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Skip to 0 minutes and 12 seconds YETNEBERSH NIGUSSIE: Having a disability has impacted my life in a number of ways. First of all, I am given the responsibility of proving who I am, because there is already an existing assumption about who I should be among the community. So I have to go extra miles to show them I am a person with one disability and remaining 99 abilities. Secondly, in my day-to-day life, I do face failures, because this world is mainly constructed for those without disabilities. So barriers exist in communication, barriers exist in moving from place to place, barriers exist in accessing services. So it requires me to go beyond what others do, or beyond where others go, to access ordinary services that others get.

Skip to 1 minute and 8 seconds So I would say it has increased effort on my side. In the meantime, it takes time, but in the meantime, it also increases my resilience to challenges in life.

Skip to 1 minute and 20 seconds BRANDON: It’s opened my eyes quite a bit, actually. I mean, I’ve been living with it for five years now, so a lot of people would see me still as a rookie, and I feel like I’ve grown so much as a person. You learn to not take so many things for granted.

Skip to 1 minute and 38 seconds In day-to-day life, you really appreciate the small things. It changes your views and what you prioritise in life. And day-to-day, you notice a lot more small things that you wouldn’t have noticed before, things like how even the ground is, or if a building has a smooth interior or if there’s steps, or whatever, if there’s enough space for parking bays. You really do realise how inaccessible some areas of society has been made, because it’s not about us trying to adapt. It’s just about others accommodating to our needs, like anybody else.

Skip to 2 minutes and 30 seconds RIDA: It is anxiety. It creates a lot of anxiety, because you’re very aware of where you’re going, what you are doing, especially out in the public. You do not want to feel like you’re further alienated or kept from doing things. But unfortunately, services and products are not really geared around my difference, and hence, I feel my disability much more.

Skip to 2 minutes and 58 seconds RICHARD: It has impacted me, having a psychosocial disability, dramatically, intensely.

Skip to 3 minutes and 9 seconds I think I haven’t achieved what I could have achieved as quickly as I could, as quickly as I should have achieved it. I think because of my symptoms of lack of concentration, loss of memory, due to the OCD, but also to the medication, I’m quite slow in my development and progress of my career and my goals in life.

Skip to 3 minutes and 34 seconds HILARY: It’s done a 180 degree turn in my life, where everything just– what you thought was normal went out the window, and it’s a new– the learning curve about disability, what therapies are out there, what you can do, how I can help my child, tools of communication. Yeah, it’s just unbelievable. The learning curve is just– self-study, reading up, doing research for myself. I went for sign language classes so I can teach her a form of communication. So it’s just been completely to the other side of where I was going to go with my life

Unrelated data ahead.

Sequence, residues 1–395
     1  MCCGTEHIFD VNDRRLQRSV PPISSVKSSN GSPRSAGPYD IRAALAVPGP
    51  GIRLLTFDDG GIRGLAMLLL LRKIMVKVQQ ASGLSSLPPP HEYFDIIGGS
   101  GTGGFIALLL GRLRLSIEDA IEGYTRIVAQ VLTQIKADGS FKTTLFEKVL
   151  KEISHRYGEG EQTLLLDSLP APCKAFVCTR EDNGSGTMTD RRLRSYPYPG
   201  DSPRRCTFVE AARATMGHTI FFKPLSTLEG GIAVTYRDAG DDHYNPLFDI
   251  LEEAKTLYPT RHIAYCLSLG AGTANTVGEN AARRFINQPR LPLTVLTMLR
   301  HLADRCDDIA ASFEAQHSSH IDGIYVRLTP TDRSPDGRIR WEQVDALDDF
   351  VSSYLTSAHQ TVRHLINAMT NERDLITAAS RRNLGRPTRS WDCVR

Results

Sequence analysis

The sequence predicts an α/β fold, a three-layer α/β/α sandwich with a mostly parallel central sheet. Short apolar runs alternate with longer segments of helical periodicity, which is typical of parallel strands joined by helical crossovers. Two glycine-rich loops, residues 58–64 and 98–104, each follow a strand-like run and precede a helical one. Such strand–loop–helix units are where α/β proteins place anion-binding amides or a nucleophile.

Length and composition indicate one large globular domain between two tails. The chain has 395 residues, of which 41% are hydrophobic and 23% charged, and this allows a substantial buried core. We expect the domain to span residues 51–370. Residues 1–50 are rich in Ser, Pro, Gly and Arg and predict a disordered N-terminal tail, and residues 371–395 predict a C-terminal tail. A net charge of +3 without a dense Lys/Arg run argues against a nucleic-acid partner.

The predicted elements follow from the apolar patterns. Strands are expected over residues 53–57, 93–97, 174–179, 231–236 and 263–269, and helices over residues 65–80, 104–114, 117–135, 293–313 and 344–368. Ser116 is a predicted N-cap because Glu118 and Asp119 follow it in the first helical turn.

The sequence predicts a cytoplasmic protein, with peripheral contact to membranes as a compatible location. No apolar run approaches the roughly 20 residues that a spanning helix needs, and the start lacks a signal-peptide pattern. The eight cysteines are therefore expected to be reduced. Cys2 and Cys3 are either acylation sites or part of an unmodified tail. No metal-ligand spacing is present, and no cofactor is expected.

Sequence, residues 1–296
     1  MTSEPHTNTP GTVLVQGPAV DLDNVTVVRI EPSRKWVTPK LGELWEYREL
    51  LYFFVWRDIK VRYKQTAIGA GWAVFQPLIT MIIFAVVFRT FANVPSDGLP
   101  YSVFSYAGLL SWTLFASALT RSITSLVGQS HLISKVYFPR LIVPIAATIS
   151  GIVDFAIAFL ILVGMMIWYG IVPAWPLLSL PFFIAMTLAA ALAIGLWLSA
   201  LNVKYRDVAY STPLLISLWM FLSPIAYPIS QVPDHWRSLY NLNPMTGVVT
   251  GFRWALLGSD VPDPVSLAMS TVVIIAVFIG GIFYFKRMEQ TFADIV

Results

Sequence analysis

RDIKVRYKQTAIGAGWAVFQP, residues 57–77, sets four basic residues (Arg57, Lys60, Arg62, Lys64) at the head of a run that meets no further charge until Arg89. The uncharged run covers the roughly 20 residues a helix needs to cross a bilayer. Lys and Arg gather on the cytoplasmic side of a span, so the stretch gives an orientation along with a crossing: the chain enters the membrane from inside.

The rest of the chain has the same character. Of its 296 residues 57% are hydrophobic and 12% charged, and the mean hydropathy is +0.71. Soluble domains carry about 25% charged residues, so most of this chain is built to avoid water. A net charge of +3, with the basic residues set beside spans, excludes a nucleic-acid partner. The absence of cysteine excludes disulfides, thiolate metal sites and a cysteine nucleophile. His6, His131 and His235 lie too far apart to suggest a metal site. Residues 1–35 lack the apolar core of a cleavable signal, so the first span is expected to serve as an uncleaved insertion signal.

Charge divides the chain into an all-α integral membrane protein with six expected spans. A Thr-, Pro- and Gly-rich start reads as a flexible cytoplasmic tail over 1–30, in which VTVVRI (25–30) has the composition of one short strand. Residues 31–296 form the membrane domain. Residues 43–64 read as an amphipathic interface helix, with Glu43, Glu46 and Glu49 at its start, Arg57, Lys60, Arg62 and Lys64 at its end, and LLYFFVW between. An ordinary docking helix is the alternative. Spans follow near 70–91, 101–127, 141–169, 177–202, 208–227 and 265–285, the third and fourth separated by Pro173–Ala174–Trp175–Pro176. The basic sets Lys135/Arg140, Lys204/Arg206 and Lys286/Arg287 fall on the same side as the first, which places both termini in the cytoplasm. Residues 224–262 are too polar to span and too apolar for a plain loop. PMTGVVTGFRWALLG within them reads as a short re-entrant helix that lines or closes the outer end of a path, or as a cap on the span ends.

Skip to 4 minutes and 20 seconds CLEONE: If you’re not born with a disability and you acquire a disability later on in life, you accept it with almost preconceived ideas of how disability is accepted in society. So that had a huge impact on my life, coming into the world of now being a disabled person, was how I thought people with disabilities were perceived, and how I thought people would look at me or perceive me as a person with a disability, just judging by the outward appearance and not really looking beyond that to see, does disability define you?

Skip to 5 minutes and 5 seconds CHRISTELLE: I think having a disability impacted my life in a way that it was kind of positive, even though there is these negative aspects to it. And the reason I say positive, I mean, through all the things that you go through as a disabled person, negative things, it builds character and it builds strength, because you have to endure so much more things than the average person. And so would I have been the same person, or the same character, did I not go through the things that I went through or am going through as a disabled person? So I think it does have a tremendous impact on the person that I am and will be.

Why does disability matter: Personal perspectives

In this step, listen to people with disabilities, and the mother of a child with a disability, from around the world sharing their personal perspectives about why disability matters to them.

Yetnebersh, Brandon, Rida, Richard, Hilary, Cleone and Christelle share their personal experiences.

Enjoy hearing their reflections, and remember you can respond in the comments section below if you want to share your own perspectives or thoughts after hearing their answers.

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This video is from the free online course:

Global Health and Disability

London School of Hygiene & Tropical Medicine